But that really consumed the summer for the most part. And so, you know, I was doing that. You had things going on that we'll talk about a little later, but it was all this, this mix of, of circumstances that led us away from being able to record this show together. So, it was very interesting summer and, and also I got a new job in July as well. 

So there was that. So switching different kinds of work, traveling, it was just a kind of a mess, but not an entirely bad mess. I, I enjoyed the summer. 

Grace: And I'm sure a lot of us just got busy this summer. You know, I would say one reason is before Delta, we got a little brave... 

James: Yeah...  


Grace: ...that we could travel and that sort of thing before the Delta variant came along. And I know that was one thing for me is all of a sudden I could see people hadn't seen in two years, or do a thing I hadn't done in two years. 

And, and I'm sure that's the story for a lot of us. And, for us, we kind of started, still stayed with protocol with my wife having auto-immune and you know, it's still kind of being a thing here in the States. And then with the new variant, we did decide to keep protocol, but we still did get a bit brave to go places and, and do some things within that. 

So I'm sure that was the story for a lot of our listeners, too. Um, and in the midst of that, traveling and all of that too, in our family, we had a bit of sickness, that was pretty intense, with my wife and her, auto-immune got pretty intense. Had a pretty bad flare up. We had a hospital visit, that sort of thing. 

And, one thing I love about us is we have always prioritized our family, you know, time and, and, health and mental health, physical health as well, above, you know, all things. And so we just want you to know as listeners, we would want you to do that too. And those are the things that we were doing.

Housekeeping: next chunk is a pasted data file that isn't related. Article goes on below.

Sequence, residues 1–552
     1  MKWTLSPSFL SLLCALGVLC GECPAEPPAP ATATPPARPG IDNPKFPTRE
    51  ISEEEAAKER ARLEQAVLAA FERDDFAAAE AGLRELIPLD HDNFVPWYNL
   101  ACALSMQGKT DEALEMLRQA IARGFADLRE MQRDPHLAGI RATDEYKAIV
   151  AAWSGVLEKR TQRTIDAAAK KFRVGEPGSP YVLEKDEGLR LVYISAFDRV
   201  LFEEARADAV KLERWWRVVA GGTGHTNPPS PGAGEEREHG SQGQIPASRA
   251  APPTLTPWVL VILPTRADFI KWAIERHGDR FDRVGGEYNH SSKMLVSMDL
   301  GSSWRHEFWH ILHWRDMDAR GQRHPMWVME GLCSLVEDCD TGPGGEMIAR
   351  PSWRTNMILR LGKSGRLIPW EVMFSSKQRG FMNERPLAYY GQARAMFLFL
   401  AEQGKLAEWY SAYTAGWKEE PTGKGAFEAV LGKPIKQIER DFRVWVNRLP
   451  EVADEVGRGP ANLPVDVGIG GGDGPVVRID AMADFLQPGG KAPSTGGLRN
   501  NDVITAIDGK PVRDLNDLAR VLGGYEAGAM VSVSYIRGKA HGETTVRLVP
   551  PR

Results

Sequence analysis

We were simply making those priorities that we, I would say probably our listeners share as well. And one thing I was doing with some self care, it had been awhile and, I'm a caretaker in my life. Helping my mother-in-law bit and helping my wife as she helps her mother. And, that's a big part of my life. 

I really needed to do some self care. And with COVID with working remotely, with those sorts of things, I really needed a space that was just my own. My wife is a woodworker and she has a shop and she can kind of escape into that world. And it's wonderful and I'm so happy she can do that. But for me, I'm more sort of a study type gal. 

And so one thing I really did, on my self care was to finally dig in deep in our guest room and make a proper study. You're looking at this beautiful wooden map behind me now, if you are viewing, that my wife actually got me, covers our whole wall. It's beautiful. And, you know, I bought a desk and it's actually the exact same desk my dad had when I was a kid. 

James: That's so cool. 

Grace: It is so cool. And I used to do our family business at that desk and things like that. So that was just really something I leaned into. I bought a really nice chair from World Market. You know, just things I would not normally, push in and do for myself. And I have to say, it has given my mental health the space to be here today.